Carnitine insufficiency caused by aging and overnutrition compromises mitochondrial performance and metabolic control

Robert C. Noland, Timothy R. Koves, Sarah E. Seiler, Helen Lum, Robert M. Lust, Olga Ilkayeva, Robert D. Stevens, Fausto G. Hegardt, Deborah M. Muoio

Research output: Contribution to journalArticlepeer-review

207 Scopus citations

Abstract

In addition to its essential role in permitting mitochondrial import and oxidation of long chain fatty acids, carnitine also functions as an acyl group acceptor that facilitates mitochondrial export of excess carbons in the form of acylcarnitines. Recent evidence suggests carnitine requirements increase under conditions of sustained metabolic stress. Accordingly, we hypothesized that carnitine insufficiency might contribute to mitochondrial dysfunction and obesity-related impairments in glucose tolerance. Consistent with this prediction whole body carnitine dimunition was identified as a common feature of insulin-resistant states such as advanced age, genetic diabetes, and diet-induced obesity. In rodents fed a lifelong (12 month) high fat diet, compromised carnitine status corresponded with increased skeletal muscle accumulation of acylcarnitine esters and diminished hepatic expression of carnitine biosynthetic genes. Diminished carnitine reserves in muscle of obese rats was accompanied by marked perturbations in mitochondrial fuel metabolism, including low rates of complete fatty acid oxidation, elevated incomplete β-oxidation, and impaired substrate switching from fatty acid to pyruvate. These mitochondrial abnormalities were reversed by 8 weeks of oral carnitine supplementation, in concert with increased tissue efflux and urinary excretion of acetylcarnitine and improvement of whole body glucose tolerance. Acetylcarnitine is produced by the mitochondrial matrix enzyme, carnitine acetyltransferase (CrAT). A role for this enzyme in combating glucose intolerance was further supported by the finding that CrAT overexpression in primary human skeletal myocytes increased glucose uptake and attenuated lipid-induced suppression of glucose oxidation. These results implicate carnitine insufficiency and reduced CrAT activity as reversible components of the metabolic syndrome.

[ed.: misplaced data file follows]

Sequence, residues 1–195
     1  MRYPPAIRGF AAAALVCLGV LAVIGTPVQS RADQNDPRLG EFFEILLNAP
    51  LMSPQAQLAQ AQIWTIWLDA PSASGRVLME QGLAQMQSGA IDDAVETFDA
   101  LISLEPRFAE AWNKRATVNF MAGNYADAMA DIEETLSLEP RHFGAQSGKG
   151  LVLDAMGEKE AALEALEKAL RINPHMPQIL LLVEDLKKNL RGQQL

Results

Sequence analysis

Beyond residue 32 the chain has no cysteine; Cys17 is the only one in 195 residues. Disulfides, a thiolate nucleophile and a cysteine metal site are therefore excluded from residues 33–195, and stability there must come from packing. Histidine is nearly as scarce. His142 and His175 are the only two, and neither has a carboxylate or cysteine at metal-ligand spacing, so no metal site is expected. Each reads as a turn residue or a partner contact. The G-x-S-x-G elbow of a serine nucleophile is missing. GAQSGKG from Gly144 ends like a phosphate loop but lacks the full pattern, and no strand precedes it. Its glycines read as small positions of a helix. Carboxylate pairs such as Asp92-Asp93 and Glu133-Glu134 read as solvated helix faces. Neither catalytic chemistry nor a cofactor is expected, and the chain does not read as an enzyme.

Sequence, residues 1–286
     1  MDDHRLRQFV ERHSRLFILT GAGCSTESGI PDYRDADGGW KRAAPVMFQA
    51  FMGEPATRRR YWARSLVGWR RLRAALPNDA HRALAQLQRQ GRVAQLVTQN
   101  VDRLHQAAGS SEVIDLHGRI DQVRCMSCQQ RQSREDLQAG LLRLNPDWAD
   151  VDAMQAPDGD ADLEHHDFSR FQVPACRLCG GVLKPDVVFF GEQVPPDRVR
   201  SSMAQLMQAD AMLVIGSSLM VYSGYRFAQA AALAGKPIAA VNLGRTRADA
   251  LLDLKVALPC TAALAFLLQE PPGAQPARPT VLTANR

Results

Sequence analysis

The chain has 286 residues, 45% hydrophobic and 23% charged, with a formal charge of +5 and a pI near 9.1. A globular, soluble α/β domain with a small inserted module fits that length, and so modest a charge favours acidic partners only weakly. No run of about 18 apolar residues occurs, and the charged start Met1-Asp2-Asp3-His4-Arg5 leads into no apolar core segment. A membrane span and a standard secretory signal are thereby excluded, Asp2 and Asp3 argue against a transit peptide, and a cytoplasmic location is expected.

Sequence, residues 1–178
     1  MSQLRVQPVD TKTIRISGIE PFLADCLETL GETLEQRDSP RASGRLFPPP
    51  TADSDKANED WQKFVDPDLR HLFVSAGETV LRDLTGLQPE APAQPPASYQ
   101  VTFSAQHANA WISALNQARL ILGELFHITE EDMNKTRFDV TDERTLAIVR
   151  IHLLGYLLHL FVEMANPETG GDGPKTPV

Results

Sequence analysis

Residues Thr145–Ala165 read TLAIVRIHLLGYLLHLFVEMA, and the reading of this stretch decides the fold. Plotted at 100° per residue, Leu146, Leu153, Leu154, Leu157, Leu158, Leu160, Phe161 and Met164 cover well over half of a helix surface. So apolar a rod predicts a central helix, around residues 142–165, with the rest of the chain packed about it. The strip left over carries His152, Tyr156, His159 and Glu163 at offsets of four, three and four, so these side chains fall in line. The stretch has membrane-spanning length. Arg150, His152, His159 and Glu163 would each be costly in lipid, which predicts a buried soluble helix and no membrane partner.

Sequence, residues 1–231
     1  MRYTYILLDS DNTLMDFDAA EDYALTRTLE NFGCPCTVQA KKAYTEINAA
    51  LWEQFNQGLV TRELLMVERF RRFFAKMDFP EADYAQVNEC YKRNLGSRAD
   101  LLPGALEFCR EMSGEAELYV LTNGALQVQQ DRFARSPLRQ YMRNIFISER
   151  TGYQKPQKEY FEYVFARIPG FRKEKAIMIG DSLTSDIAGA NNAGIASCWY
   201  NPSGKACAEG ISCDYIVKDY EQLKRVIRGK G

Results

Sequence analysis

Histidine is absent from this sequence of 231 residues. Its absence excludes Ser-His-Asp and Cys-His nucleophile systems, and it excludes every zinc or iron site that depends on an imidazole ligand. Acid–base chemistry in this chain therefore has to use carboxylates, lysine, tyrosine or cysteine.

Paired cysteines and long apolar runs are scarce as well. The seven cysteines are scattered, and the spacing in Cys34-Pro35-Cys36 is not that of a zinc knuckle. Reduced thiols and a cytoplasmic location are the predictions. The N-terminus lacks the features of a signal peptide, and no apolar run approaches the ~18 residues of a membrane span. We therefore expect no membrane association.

Original languageEnglish (US)
Pages (from-to)22840-22852
Number of pages13
JournalJournal of Biological Chemistry
Volume284
Issue number34
DOIs
StatePublished - Aug 21 2009

ASJC Scopus subject areas

  • Biochemistry
  • Molecular Biology
  • Cell Biology

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